classmethod span_range(frame, start, end, tz=None, limit=None)

Returns an array of tuples, each Arrow objects, representing a series of timespans between two inputs.

Parameters:
  • frame – the timeframe. Can be any datetime property (day, hour, minute...).
  • start – A datetime expression, the start of the range.
  • end – (optional) A datetime expression, the end of the range.
  • tz – (optional) A timezone expression. Defaults to UTC.
  • limit – (optional) A maximum number of tuples to return.

NOTE: the end or limit must be provided. Call with end alone to return the entire range, with limit alone to return a maximum # of results from the start, and with both to cap a range at a maximum # of results.

Recognized datetime expressions:

  • An Arrow object.
  • A datetime object.

Recognized timezone expressions:

  • A tzinfo object.
  • A str describing a timezone, similar to ‘US/Pacific’, or ‘Europe/Berlin’.
  • A str in ISO-8601 style, as in ‘+07:00’.
  • A str, one of the following: ‘local’, ‘utc’, ‘UTC’.

Usage:

>>> start = datetime(2013, 5, 5, 12, 30)
>>> end = datetime(2013, 5, 5, 17, 15)
>>> for r in arrow.Arrow.span_range('hour', start, end):
...     print r
...
(<Arrow [2013-05-05T12:00:00+00:00]>, <Arrow [2013-05-05T12:59:59.999999+00:00]>)
(<Arrow [2013-05-05T13:00:00+00:00]>, <Arrow [2013-05-05T13:59:59.999999+00:00]>)
(<Arrow [2013-05-05T14:00:00+00:00]>, <Arrow [2013-05-05T14:59:59.999999+00:00]>)
(<Arrow [2013-05-05T15:00:00+00:00]>, <Arrow [2013-05-05T15:59:59.999999+00:00]>)
(<Arrow [2013-05-05T16:00:00+00:00]>, <Arrow [2013-05-05T16:59:59.999999+00:00]>)
tzinfo

Gets the tzinfo of the Arrow object.

datetime

Returns a datetime representation of the Arrow object.

naive

Returns a naive datetime representation of the Arrow object.

timestamp

Returns a timestamp representation of the Arrow object.

float_timestamp

Returns a floating-point representation of the Arrow object.

clone()

Returns a new Arrow object, cloned from the current one.

Usage:

>>> arw = arrow.utcnow()
>>> cloned = arw.clone()
replace(**kwargs)

Returns a new Arrow object with attributes updated according to inputs.

Use single property names to set their value absolutely:

>>> import arrow
>>> arw = arrow.utcnow()
>>> arw
<Arrow [2013-05-11T22:27:34.787885+00:00]>
>>> arw.replace(year=2014, month=6)
<Arrow [2014-06-11T22:27:34.787885+00:00]>

Use plural property names to shift their current value relatively:

>>> arw.replace(years=1, months=-1)
<Arrow [2014-04-11T22:27:34.787885+00:00]>

You can also provide a tzimezone expression can also be replaced:

>>> arw.replace(tzinfo=tz.tzlocal())
<Arrow [2013-05-11T22:27:34.787885-07:00]>

Recognized timezone expressions:

  • A tzinfo object.
  • A str describing a timezone, similar to ‘US/Pacific’, or ‘Europe/Berlin’.
  • A str in ISO-8601 style, as in ‘+07:00’.
  • A str, one of the following: ‘local’, ‘utc’, ‘UTC’.
to(tz)

Returns a new Arrow object, converted to the target timezone.

Parameters:tz – an expression representing a timezone.

Recognized timezone expressions:

  • A tzinfo object.
  • A str describing a timezone, similar to ‘US/Pacific’, or ‘Europe/Berlin’.
  • A str in ISO-8601 style, as in ‘+07:00’.
  • A str, one of the following: ‘local’, ‘utc’, ‘UTC’.

Usage:

>>> utc = arrow.utcnow()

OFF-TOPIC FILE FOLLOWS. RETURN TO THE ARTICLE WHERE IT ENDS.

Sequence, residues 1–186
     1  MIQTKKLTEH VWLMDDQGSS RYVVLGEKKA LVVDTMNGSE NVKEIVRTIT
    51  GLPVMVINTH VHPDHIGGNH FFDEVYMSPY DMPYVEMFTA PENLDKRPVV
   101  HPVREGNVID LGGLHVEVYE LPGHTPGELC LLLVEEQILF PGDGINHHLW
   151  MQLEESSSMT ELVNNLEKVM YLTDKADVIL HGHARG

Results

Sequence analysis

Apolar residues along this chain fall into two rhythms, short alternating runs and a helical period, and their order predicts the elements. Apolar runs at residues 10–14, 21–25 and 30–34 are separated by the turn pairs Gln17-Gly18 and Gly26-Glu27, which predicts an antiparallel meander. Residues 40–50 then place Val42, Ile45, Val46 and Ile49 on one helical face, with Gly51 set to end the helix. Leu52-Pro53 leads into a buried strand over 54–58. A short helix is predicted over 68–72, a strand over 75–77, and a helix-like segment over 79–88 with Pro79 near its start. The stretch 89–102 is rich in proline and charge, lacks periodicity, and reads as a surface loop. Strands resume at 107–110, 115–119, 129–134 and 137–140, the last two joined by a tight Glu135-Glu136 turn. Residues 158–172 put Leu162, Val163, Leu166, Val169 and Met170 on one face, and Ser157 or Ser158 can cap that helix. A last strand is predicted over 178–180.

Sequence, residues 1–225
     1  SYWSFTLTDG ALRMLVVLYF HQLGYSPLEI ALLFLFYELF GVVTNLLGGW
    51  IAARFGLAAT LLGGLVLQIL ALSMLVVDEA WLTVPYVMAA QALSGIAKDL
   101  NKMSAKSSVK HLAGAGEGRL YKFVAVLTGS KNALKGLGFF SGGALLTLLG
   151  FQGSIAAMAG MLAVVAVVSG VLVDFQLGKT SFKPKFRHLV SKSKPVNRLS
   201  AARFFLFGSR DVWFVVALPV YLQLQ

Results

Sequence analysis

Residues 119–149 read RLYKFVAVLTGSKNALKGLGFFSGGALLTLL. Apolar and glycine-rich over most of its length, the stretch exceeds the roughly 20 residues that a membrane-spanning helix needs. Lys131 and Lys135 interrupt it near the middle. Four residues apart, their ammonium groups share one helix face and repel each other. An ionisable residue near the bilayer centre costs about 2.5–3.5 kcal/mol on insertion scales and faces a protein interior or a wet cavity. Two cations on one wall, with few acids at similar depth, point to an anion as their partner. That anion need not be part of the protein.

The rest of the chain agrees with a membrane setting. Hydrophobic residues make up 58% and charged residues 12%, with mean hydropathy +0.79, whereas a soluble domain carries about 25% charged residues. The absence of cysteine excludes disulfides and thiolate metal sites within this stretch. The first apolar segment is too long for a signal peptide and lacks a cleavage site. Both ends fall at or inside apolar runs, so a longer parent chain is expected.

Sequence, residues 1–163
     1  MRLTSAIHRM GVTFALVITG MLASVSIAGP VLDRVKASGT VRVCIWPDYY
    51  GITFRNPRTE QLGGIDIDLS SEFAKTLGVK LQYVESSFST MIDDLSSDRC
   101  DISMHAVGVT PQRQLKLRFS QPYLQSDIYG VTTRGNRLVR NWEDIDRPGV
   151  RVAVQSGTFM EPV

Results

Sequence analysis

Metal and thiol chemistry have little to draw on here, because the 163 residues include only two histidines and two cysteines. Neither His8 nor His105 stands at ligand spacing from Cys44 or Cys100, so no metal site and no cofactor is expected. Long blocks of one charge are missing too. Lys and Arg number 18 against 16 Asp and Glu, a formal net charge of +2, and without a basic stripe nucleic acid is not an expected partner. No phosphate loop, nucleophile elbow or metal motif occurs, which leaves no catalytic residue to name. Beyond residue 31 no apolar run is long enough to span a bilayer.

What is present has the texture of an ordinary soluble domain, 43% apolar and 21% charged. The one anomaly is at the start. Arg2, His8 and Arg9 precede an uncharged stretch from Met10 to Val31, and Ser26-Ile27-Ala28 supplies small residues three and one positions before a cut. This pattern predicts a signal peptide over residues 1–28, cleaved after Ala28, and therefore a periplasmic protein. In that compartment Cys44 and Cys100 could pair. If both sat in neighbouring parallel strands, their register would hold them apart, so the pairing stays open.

>>> utc
<Arrow [2013-05-09T03:49:12.311072+00:00]>

>>> utc.to('US/Pacific')
<Arrow [2013-05-08T20:49:12.311072-07:00]>

>>> utc.to(tz.tzlocal())
<Arrow [2013-05-08T20:49:12.311072-07:00]>

>>> utc.to('-07:00')
<Arrow [2013-05-08T20:49:12.311072-07:00]>

>>> utc.to('local')
<Arrow [2013-05-08T20:49:12.311072-07:00]>

>>> utc.to('local').to('utc')
<Arrow [2013-05-09T03:49:12.311072+00:00]>
span(frame)

Returns two new Arrow objects, representing the timespan of the Arrow object in a given timeframe.

Parameters:frame – the timeframe. Can be any datetime property (day, hour, minute...).

Usage:

>>> arrow.utcnow()
<Arrow [2013-05-09T03:32:36.186203+00:00]>

>>> arrow.utcnow().span('hour')
(<Arrow [2013-05-09T03:00:00+00:00]>, <Arrow [2013-05-09T03:59:59.999999+00:00]>)

>>> arrow.utcnow().span('day')
(<Arrow [2013-05-09T00:00:00+00:00]>, <Arrow [2013-05-09T23:59:59.999999+00:00]>)
floor(frame)

Returns a new Arrow object, representing the “floor” of the timespan of the Arrow object in a given timeframe. Equivalent to the first element in the 2-tuple returned by span.

Parameters:frame – the timeframe. Can be any datetime property (day, hour, minute...).

Usage:

>>> arrow.utcnow().ceil('hour')
<Arrow [2013-05-09T03:00:00+00:00]>
ceil(frame)

Returns a new Arrow object, representing the “ceiling” of the timespan of the Arrow object in a given timeframe. Equivalent to the second element in the 2-tuple returned by span.

Parameters:frame – the timeframe. Can be any datetime property (day, hour, minute...).

Usage:

>>> arrow.utcnow().ceil('hour')
<Arrow [2013-05-09T03:59:59.999999+00:00]>
format(fmt, locale='en_us')

Returns a string representation of the Arrow object, formatted according to a format string.

Parameters:fmt – the format string.

Usage:

>>> arrow.utcnow().format('YYYY-MM-DD HH:mm:ss ZZ')
'2013-05-09 03:56:47 -00:00'

>>> arrow.utcnow().format('X')
'1368071882'

>>> arrow.utcnow().format('MMMM DD, YYYY')
'May 09, 2013'
humanize(other=None, locale='en_us')

Returns a localized, humanized representation of a relative difference in time.

Parameters:
  • other – (optional) an Arrow or datetime object. Defaults to now in the current Arrow object’s timezone.
  • locale – (optional) a str specifying a locale. Defaults to ‘en_us’.

Usage:

>>> earlier = arrow.utcnow().replace(hours=-2)
>>> earlier.humanize()
'2 hours ago'

>>> later = later = earlier.replace(hours=4)
>>> later.humanize(earlier)
'in 4 hours'
date()

Returns a date object with the same year, month and day.

time()

Returns a time object with the same hour, minute, second, microsecond.

timetz()

Returns a time object with the same hour, minute, second, microsecond and tzinfo.

astimezone(tz)